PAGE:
At least 1 in 6 couples need medical help to achieve a pregnancy.
As a rule of thumb, 40% of infertility is down to female issues, 40% to male issues and 20% is male/female combined.
Fertility rates decline with age, especially in the female partner.
For most women, their metabolic rate increases 15-20% during the course of a pregnancy (according to patient.co.uk).
The sperm is the smallest cell in the human body.
A sperm ejaculated today first started developing about 3 months ago.
Normal sperm production occurs just below normal body temperature, which is why the testes are in the scrotum; outside the body.
Modern diets, pollution, smoking and so on can cause oxidative stress, which can lead to DNA fragmentation, reduced fertility and may be responsible for early pregnancy loss. Read more about this here.
DNA decondensation is when the DNA is unraveled in the head of the sperm. This can be caused by taking antioxidant supplements such as Vitamin C, Vitamin E, Selenium and CoQ10. DNA decondensation means the sperm cannot fertilise an egg.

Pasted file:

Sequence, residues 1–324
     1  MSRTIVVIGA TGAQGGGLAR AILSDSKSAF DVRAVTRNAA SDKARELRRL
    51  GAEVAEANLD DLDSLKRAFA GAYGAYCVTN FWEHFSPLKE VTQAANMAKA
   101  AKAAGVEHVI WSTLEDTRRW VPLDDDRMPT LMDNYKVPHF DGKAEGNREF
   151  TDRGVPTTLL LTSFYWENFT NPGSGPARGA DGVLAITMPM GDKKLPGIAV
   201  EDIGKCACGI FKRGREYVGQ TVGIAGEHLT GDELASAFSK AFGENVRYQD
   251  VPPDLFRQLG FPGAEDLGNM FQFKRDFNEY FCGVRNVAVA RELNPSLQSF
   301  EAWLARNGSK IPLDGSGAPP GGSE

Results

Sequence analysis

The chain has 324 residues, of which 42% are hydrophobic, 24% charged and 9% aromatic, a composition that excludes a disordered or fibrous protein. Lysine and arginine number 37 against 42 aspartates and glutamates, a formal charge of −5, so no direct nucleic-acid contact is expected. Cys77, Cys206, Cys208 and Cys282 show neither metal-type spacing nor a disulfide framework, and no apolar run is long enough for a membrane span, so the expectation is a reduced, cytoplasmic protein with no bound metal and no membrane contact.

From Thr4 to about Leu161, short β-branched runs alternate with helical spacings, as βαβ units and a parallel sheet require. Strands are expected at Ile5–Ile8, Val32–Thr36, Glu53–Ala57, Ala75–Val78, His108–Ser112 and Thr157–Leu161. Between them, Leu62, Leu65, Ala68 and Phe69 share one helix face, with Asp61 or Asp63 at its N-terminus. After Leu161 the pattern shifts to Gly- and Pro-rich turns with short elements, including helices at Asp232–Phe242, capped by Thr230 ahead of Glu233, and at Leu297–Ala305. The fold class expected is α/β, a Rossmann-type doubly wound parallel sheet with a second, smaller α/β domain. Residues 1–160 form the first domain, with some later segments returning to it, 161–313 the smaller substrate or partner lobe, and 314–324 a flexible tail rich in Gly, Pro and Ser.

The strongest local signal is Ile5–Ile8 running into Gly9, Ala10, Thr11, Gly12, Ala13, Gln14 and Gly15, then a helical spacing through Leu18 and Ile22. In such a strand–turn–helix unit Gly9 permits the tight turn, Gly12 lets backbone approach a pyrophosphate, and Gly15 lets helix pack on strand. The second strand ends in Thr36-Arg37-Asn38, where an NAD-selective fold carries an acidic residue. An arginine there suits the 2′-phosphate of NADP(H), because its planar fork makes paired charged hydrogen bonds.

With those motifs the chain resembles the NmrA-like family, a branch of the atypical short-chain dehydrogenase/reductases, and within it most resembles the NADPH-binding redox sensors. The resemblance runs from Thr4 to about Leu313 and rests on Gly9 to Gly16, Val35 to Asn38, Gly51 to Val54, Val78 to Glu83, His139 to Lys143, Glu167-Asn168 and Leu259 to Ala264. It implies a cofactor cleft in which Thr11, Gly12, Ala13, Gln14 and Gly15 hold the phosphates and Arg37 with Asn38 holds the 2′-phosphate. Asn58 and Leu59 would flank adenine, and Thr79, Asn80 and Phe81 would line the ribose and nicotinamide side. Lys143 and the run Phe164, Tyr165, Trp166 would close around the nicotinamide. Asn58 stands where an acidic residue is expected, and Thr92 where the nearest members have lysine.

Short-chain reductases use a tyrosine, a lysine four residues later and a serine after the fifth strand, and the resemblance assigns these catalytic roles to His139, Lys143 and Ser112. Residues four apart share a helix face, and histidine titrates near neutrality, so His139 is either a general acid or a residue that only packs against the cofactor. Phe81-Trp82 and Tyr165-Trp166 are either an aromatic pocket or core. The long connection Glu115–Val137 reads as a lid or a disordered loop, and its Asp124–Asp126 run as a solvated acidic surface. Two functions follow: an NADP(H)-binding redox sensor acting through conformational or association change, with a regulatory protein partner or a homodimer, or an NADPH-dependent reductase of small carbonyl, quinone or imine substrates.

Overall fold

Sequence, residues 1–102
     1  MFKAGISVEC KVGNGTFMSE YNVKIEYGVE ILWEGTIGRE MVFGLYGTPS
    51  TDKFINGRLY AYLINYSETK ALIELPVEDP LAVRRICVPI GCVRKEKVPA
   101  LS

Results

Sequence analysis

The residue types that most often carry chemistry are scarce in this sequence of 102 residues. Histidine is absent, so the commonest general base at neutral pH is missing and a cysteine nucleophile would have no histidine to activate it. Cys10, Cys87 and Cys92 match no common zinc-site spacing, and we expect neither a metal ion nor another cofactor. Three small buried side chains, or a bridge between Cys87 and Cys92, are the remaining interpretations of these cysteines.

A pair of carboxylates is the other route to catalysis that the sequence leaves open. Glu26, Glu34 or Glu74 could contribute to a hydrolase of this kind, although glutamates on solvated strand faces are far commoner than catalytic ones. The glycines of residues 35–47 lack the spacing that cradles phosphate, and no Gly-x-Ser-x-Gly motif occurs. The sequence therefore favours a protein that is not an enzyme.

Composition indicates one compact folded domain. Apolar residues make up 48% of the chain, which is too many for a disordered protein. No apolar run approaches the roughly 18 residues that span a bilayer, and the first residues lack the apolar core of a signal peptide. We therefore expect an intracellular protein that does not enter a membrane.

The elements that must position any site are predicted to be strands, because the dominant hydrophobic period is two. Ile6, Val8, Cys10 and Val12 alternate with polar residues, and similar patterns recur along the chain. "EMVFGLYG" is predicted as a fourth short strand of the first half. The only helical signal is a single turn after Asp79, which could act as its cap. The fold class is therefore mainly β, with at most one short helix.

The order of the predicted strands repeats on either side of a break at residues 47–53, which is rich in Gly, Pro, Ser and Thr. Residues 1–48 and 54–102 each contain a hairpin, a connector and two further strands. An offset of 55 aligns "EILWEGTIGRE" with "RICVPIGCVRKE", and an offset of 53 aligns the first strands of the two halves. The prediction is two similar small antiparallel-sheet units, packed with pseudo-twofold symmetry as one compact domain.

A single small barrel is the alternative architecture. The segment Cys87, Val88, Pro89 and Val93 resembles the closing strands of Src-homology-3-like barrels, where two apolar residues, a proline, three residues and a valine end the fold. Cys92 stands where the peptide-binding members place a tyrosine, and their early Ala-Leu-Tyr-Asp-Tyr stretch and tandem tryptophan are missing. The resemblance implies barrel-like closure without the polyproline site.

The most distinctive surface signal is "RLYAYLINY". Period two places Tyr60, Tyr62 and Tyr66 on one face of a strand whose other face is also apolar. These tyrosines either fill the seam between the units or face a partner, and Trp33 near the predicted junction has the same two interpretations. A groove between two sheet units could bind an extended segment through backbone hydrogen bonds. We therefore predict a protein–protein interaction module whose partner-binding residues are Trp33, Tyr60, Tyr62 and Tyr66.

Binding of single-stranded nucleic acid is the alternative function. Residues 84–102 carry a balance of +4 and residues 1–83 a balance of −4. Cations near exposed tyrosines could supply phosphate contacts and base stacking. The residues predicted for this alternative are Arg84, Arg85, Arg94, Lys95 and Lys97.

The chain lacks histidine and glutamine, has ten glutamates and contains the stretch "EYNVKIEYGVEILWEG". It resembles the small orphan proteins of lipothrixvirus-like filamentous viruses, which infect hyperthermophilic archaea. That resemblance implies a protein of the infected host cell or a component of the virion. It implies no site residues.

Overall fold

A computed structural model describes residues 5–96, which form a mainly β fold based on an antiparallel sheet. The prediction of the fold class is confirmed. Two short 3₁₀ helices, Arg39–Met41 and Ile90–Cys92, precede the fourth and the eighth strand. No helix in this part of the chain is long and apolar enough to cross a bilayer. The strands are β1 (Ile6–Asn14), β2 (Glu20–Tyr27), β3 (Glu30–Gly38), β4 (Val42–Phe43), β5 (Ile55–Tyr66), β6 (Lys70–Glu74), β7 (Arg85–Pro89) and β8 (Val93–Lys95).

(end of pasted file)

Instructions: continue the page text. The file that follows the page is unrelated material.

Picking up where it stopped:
Routine sperm analysis looks at the number, motility and morphology (shape/structure) of sperm, however it cannot tell whether there is DNA fragmentation or DNA decondensation.
The ovum (egg) is the largest cell in the human body.
A woman is born with her lifetime supply of eggs, but the amount diminishes continuously.
The quality of eggs naturally starts to decline in women who are in their mid-thirties.
An important change in the quality of the egg is the frequency that genetic abnormalities called aneuploidies are found in the resulting embryos. Aneuploidy is the term to describe too few or too many chromosomes.
Eggs with aneuploidy (the wrong number of chromosomes) often do not get fertilised or the resulting embryo fails to develop or is miscarried.
By the age 40, a woman’s chance of getting pregnant naturally is less than 5% per cycle.